Even though rates of Sudden Infant Death Syndrome (SIDS) in the U.S. have declined substantially in recent years, SIDS deaths are still disproportionately high among certain racial and ethnic minority populations. African American babies are more than twice as likely to die from SIDS as Caucasian babies, while American Indian and Alaska Native infants have the highest SIDS rates in the nation—2.6 times higher than in the general population.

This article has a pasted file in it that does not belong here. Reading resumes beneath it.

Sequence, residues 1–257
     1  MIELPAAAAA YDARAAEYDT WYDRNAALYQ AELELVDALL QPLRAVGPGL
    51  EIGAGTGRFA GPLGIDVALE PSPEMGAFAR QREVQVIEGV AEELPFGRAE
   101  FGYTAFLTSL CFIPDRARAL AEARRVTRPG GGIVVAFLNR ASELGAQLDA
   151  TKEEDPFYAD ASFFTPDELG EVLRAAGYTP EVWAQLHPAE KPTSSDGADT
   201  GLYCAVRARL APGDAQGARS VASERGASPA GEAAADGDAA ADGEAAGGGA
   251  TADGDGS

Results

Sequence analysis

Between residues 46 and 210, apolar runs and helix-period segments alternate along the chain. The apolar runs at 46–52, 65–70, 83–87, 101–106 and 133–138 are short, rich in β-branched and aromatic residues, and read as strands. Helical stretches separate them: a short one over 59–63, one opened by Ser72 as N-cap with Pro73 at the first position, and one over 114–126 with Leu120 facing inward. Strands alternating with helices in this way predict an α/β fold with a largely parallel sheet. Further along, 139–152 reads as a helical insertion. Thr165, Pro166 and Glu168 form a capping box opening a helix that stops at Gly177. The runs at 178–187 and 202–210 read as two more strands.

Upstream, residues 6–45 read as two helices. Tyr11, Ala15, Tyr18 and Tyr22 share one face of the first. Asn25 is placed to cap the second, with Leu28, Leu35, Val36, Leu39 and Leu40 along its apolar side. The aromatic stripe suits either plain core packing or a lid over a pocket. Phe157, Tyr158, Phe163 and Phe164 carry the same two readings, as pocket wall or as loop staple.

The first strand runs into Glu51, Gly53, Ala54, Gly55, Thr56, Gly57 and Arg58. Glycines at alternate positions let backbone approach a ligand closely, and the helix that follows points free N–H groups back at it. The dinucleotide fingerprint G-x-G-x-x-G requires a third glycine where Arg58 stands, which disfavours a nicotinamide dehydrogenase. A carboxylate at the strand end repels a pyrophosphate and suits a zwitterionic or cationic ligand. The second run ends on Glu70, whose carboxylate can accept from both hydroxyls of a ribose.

Nurses can help reduce this tragic disparity by educating minority parents, families and communities about proven “safe sleep” techniques for decreasing SIDS risk. These include, among others, placing infants to sleep on their backs, avoiding the use of soft bedding materials, preventing babies from becoming overheated, using a pacifier and not smoking around infants. And now, a new research study from Kaiser Permanente has added another important item to that checklist: placing an electric fan in baby’s bedroom to improve air ventilation.

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